How did you get involved in the sport of running?
– My path to running was quite roundabout.
My favorite sport while growing up was basketball—I was never any good at it, but I enjoyed playing the game. I did make a few attempts to take up running with the idea that it might improve my overall fitness, but, back in those days, I knew nothing about the importance of choosing the right footwear and would invariably develop pain in my shins and knees, which would lead me to stop running within a couple of weeks.
It wasn't until I reached my early 30s that I became a runner and, in all honesty, what made that possible was Nike Free. This was several years before I joined Nike, so the way I learned about the shoes was through a newspaper article covering the launch of the original Nike Free 5.0 in 2004. My first reaction was that it was a preposterous idea. Nike wanted people to pay money for a shoe called "Free" that was meant to mimic running barefoot on grass—if I wanted to run barefoot, I could just take my shoes off and save a lot of money!
But, still, I was intrigued, and couldn't resist the opportunity to try a pair on at my local running shoe store. I had expected a very minimal shoe that felt hard underfoot, but the Nike Free 5.0 actually felt well cushioned. And its ultra-flexible midsole and highly compliant upper offered an experience that was unlike any other running shoe I'd ever tried up to that point—the shoe felt like a sock on my foot, yet still offered enough support that I felt I could run in it.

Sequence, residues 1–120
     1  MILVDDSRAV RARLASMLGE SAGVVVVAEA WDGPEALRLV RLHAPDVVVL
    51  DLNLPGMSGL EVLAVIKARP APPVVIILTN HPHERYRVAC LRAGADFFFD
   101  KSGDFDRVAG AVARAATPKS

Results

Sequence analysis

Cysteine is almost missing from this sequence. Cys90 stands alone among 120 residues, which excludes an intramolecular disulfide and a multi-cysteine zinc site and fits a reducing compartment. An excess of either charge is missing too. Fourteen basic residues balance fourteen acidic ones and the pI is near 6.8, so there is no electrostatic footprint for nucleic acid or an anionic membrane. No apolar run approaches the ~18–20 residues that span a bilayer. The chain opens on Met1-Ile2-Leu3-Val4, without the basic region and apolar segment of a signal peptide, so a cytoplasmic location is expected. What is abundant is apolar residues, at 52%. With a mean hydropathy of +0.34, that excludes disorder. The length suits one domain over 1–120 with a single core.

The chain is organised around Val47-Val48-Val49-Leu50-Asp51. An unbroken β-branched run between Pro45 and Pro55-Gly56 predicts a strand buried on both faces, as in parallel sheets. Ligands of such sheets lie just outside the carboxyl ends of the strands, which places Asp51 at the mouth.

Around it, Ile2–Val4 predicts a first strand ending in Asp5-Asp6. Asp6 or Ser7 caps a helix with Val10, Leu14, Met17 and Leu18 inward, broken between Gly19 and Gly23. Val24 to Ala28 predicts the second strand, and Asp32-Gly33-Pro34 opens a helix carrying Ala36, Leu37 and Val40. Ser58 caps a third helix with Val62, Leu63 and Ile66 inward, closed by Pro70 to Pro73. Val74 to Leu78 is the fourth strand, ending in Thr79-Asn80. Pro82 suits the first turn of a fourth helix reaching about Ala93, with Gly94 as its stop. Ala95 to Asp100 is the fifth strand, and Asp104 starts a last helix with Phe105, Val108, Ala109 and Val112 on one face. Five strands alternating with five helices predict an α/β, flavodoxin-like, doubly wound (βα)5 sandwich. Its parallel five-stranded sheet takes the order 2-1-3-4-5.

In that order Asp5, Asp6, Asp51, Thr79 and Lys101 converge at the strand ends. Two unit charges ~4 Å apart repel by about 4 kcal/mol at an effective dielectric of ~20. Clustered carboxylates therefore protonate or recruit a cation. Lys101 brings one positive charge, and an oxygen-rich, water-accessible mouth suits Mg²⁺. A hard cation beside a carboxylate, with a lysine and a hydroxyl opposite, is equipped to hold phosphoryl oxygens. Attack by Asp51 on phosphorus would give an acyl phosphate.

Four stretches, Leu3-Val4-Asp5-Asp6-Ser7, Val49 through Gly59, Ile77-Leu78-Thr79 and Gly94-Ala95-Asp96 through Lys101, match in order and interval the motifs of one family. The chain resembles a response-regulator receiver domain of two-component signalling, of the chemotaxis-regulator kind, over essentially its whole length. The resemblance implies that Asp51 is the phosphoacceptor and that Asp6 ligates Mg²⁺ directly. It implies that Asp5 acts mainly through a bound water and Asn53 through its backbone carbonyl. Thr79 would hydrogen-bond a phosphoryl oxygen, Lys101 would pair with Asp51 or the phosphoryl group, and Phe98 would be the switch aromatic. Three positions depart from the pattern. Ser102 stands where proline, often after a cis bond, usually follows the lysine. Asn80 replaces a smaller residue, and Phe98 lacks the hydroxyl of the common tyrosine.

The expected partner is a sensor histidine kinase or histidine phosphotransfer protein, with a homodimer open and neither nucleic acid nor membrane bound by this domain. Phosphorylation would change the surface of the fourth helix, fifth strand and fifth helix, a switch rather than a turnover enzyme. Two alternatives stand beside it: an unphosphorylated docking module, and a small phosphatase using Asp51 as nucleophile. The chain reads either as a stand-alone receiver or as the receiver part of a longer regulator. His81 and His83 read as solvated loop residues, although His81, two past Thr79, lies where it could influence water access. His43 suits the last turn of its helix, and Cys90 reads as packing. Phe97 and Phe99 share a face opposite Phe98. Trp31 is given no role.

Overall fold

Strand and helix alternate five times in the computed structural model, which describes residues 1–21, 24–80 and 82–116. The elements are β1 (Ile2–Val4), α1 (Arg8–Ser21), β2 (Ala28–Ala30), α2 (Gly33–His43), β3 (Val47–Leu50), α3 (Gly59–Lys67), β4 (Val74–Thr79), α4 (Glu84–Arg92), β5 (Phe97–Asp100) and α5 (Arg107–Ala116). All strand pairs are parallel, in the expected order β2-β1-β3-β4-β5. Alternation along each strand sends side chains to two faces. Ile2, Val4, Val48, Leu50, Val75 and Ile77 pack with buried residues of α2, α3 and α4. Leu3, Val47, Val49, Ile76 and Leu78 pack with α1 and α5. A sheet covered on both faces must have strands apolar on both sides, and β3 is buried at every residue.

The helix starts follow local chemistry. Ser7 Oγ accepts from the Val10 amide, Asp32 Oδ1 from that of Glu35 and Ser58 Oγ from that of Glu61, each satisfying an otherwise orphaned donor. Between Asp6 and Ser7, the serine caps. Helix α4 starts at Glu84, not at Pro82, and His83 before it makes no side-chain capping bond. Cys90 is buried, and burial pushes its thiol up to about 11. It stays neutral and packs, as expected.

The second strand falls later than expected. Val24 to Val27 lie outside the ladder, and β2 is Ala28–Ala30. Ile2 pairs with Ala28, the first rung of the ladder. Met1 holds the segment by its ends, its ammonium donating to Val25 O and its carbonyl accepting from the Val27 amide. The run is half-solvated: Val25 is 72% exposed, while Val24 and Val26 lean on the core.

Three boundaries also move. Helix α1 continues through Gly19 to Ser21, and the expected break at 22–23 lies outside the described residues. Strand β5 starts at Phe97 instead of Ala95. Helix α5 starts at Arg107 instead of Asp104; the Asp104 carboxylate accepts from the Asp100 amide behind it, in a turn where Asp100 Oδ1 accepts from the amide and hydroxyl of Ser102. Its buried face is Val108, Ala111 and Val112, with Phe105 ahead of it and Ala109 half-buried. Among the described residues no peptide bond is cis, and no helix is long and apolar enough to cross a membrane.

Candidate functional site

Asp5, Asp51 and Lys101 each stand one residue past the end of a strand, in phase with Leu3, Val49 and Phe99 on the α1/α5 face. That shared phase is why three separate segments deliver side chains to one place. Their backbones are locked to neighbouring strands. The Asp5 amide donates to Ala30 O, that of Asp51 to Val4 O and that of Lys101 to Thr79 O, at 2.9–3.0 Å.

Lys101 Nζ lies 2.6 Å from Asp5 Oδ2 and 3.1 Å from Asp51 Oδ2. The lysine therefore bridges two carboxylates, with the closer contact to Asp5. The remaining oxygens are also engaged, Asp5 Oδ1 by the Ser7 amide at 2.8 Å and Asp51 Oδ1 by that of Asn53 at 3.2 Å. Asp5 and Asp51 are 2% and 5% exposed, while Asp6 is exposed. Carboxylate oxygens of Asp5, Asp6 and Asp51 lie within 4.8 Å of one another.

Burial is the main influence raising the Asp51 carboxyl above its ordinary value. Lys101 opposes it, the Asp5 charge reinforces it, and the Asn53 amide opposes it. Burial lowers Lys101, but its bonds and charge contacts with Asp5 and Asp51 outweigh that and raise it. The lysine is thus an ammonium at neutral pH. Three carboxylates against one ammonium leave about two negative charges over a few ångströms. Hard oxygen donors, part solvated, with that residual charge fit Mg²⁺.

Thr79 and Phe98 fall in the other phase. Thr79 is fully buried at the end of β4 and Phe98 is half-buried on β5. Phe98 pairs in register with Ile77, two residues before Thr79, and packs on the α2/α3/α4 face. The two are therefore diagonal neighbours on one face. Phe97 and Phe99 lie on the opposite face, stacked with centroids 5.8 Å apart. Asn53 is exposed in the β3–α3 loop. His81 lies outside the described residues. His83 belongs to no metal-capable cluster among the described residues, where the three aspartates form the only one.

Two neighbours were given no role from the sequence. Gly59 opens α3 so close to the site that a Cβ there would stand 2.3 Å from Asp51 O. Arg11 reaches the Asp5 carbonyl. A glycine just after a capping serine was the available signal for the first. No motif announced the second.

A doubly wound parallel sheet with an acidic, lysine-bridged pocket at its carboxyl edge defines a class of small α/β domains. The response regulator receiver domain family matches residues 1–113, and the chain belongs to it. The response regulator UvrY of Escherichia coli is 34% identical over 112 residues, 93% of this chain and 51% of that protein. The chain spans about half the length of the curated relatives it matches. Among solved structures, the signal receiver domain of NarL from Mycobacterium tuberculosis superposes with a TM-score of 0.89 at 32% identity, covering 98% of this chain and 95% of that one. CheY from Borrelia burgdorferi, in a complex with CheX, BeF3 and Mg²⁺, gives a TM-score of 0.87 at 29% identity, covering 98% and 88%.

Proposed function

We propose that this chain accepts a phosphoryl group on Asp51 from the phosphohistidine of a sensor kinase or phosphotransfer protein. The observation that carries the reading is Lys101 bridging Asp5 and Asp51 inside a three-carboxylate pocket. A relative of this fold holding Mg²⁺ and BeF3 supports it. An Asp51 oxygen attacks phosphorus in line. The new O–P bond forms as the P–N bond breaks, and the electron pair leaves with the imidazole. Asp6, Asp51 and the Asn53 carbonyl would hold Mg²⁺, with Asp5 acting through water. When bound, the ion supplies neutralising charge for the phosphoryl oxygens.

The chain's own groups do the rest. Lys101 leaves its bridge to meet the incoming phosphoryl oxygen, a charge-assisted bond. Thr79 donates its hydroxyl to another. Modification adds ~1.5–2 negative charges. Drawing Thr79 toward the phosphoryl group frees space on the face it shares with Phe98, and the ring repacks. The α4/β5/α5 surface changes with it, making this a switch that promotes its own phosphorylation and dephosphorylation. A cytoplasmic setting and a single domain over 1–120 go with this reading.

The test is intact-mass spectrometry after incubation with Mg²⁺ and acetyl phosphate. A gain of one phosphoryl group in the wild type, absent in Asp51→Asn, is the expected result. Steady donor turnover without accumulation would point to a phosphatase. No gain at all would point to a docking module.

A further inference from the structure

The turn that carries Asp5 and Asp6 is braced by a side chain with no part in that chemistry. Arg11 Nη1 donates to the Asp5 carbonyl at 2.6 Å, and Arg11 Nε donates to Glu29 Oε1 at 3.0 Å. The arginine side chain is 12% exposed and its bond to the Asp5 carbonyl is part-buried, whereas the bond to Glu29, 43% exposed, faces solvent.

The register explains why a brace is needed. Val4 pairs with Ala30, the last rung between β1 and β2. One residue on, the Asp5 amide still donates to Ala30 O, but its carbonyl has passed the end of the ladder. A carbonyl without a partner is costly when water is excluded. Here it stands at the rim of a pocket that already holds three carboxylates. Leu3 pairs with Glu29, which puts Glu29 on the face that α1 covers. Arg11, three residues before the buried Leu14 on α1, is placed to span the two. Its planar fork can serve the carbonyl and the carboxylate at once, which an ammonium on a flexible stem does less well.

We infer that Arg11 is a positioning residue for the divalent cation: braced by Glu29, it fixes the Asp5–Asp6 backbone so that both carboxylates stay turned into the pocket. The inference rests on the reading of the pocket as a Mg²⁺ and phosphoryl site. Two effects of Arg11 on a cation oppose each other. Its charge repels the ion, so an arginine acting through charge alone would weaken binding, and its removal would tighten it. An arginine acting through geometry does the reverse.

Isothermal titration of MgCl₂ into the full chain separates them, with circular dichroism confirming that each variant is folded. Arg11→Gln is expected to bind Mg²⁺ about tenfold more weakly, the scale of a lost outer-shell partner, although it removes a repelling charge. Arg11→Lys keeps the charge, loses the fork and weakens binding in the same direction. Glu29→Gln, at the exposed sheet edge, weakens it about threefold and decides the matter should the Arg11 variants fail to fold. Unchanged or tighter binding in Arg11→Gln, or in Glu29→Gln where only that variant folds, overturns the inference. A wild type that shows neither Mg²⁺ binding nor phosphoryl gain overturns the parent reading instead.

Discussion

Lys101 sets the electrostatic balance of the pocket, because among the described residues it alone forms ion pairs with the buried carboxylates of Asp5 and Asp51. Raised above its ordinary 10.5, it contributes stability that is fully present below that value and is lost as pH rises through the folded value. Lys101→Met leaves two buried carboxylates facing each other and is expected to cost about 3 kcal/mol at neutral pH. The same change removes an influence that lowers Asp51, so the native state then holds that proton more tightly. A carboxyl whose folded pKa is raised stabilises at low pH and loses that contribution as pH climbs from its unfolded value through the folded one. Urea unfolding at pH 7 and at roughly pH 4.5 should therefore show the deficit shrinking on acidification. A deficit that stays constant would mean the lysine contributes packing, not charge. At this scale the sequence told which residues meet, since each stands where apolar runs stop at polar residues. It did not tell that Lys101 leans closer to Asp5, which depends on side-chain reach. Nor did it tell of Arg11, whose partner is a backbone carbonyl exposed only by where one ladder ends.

I bought a pair and followed the guide that came in the box, which suggested a slow, steady build-up in the amount and intensity of time spent in the shoe. For the first week I only walked in them, then I worked up to very short runs. Eventually, to my great surprise, I found that I could run in the Nike Free 5.0 consistently without experiencing the shin and knee pains that had always cut short my previous attempts to run. Within a few months I had run my first 5K race and, by that point, I was hooked.
I've since run one—very slow—marathon, but nowadays, I'm focused more on shorter runs at higher intensities, primarily because I've found it difficult to make time for longer runs.
How do you get involved in developing running shoes?
– Here, again, my path was rather roundabout.
I went to University in New York for music, specifically jazz performance. While there, I discovered what was then called multimedia design. It was also while I was in University that I was introduced to the World Wide Web, which was still in its early days back then. I was so taken with this new world of digital design that I left school to pursue a full-time career as a Web designer.